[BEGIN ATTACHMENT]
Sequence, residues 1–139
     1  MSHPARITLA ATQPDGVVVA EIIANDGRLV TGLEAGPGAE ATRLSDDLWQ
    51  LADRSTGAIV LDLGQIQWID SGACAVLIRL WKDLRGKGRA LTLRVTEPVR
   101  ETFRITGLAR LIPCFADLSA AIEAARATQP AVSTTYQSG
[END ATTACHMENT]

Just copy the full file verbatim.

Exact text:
Sequence, residues 1–139
     1  MSHPARITLA ATQPDGVVVA EIIANDGRLV TGLEAGPGAE ATRLSDDLWQ
    51  LADRSTGAIV LDLGQIQWID SGACAVLIRL WKDLRGKGRA LTLRVTEPVR
   101  ETFRITGLAR LIPCFADLSA AIEAARATQP AVSTTYQSG